A striking, fact-based story of murder treated in a more strident fashion and less as a thriller or melodrama, Elia Kazan’s Boomerang’s very tone places it in its own rather rarefied atmosphere along with such other docudrama-based noirs as Call Northside 777 and The House on 92nd Street.
The Production: 4/5
Elia Kazan’s 1947 docudrama Boomerang may not have had quite the impact that his other 1947 film had (the Oscar-winning Gentlemen’s Agreement), but its place in the hierarchy of unusual films noir remains unassailed. A striking, fact-based story of murder treated in a more strident fashion and less as a thriller or melodrama, Boomerang’s very tone places it in its own rather rarefied atmosphere along with such other docudrama-based noirs as Call Northside 777 and The House on 92nd Street.
When a kindly Episcopal priest is murdered one night on a Connecticut city street, none of a number of eyewitnesses to the event can offer a clear-cut description of the killer. With public pressure mounting on police chief Robbie Robinson (Lee J. Cobb) to make an arrest, a suspicious drifter John Waldron (Arthur Kennedy) is brought in for questioning having had sharp words with the priest a few days before, and after an intense, brutal couple of days of grilling, finally confesses in a state of hysteria and exhaustion. State’s Attorney Henry Harvey (Dana Andrews) has a fair amount of circumstantial evidence at his disposal but is not sure of Waldron’s guilt. After the head of the local Reform party Mac McCreery (Robert Keith) and leading banker Paul Harris (Ed Begley) make it clear they need him to win the case for the party to remain in power in the town, Harvey even more questions his prime suspect’s guilt.
The Oscar-nominated screenplay by Richard Murphy and Elia Kazan’s straightforward direction (Kazan’s citations for Best Director of 1947 from the National Board of Review and the New York Film Critics cite both Gentlemen’s Agreement and Boomerang) shooting completely on location and utilizing Connecticut locals in bit roles and as background extras retains a documentary feel to the proceedings throughout even with some customary cinematic touches: a series of montages as dozens of suspects are brought into line-up and questioned (look fast and you’ll see playwright Arthur Miller as one of the men in the line-up, all of this right before Kazan and he went to work on staging his next Broadway play Death of a Salesman), pans across the small city’s streets and apartment houses, and the hour-after-hour grilling of Waldron under harsh lights and incessant prodding. Forty-nine minutes in and the preliminary hearing begins with the State’s Attorney pulling a major surprise and spending most of the remaining courtroom scenes presenting his own investigation of the case without the usual array of questions and cross examinations that such trial scenes usually generate. Kazan allows us to see the supposed murderer throughout the trial (the case was actually never solved though the Production Code of the era wouldn’t have allowed for that), and his ultimate end is one of a series of surprises the writer and director spring on us rather unsuspectingly near film’s end.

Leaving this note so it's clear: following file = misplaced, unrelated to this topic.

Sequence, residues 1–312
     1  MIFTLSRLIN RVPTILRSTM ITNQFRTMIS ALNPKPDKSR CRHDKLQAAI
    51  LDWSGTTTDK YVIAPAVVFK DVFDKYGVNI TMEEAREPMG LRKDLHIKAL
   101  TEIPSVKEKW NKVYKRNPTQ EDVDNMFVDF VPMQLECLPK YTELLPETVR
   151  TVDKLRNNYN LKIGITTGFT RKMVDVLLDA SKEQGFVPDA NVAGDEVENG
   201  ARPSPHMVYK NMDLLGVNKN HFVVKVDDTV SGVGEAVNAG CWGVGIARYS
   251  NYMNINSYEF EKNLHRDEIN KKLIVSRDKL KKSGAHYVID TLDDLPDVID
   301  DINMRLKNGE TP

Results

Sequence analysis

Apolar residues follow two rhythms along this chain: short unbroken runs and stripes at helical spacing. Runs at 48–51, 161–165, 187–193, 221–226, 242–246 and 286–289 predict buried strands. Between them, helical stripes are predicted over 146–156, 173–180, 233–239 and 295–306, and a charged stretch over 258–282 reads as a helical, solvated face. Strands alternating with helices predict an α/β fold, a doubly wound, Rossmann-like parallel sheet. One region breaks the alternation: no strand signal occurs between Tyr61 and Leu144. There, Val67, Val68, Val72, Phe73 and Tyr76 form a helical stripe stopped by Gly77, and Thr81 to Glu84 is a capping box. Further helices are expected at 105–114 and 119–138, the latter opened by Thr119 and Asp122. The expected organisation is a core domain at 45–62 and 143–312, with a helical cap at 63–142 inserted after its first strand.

The movie is filled with Kazan favorites, but that doesn’t include star Dana Andrews whom Kazan didn’t want to use in the drama. Nevertheless, he’s excellent as the unruffled attorney letting his conscience rather than the town’s political machine dictate his behavior. But the array of Kazan regulars really sparks in the supporting roles with Lee J. Cobb wonderful as the determined police chief, Karl Malden as his earnest second-in-command, Sam Levene as a snappy newspaper reporter, and Ed Begley as the corrupt town banker with a hidden reason for wanting the suspect found guilty and dragging in Harvey’s wife Madge (played by Jane Wyatt with faithful devotion) to use as his bargaining chip. Arthur Kennedy’s polarizing suspect John Waldron does a good job remaining an enigma for much of the movie. Chief among the witnesses against him is bitterly scorned Cara Williams as a waitress, an early role for the actress and far away from the comic character she’d become famous for a decade later on television.
3D Rating: NA
The film’s original theatrical aspect ratio of 1.33:1 is faithfully rendered in this 1080p transfer using the AVC codec. While the image is quite sharp, and the grayscale is very good indeed, the black levels aren’t as deep as in the best monochrome high definition transfers, and there is a tiny bit of crushing. Contrast has been consistently maintained for a first-rate image. There is some film damage in a couple of places, but most of the presentation is clean and artifact free. The movie has been divided into 8 chapters.
The DTS-HD Master Audio 2.0 mono sound mix is typical of its era. Dialogue is always easy to understand due to its professional recording, and the spare David Buttolph score and the atmospheric effects are blended with surety with it. There is some very soft hiss in quieter moments on occasion, but there are no attention-sapping aural disturbances to take away one’s enjoyment of the audio presentation.
Special Features: 2/5
Audio Commentaries: there are two offered, both covering much of the same material and each featuring the critiques of its individual participants: film historian Imogen Sara Smith in the first and noir specialists Alain Silver and James Ursini in the second.
Theatrical Trailer (2:30, HD)
Promo Trailers: I Wake Up Screaming, 99 River Street, Cry of the City, Shield for Murder, Daisy Kenyon.
Boomerang is an unusual noir docudrama with fewer of the tropes of the genre than one might find in more typical noirs of the era. The high definition presentation on this Kino Lorber Studio Classics release is a fine one.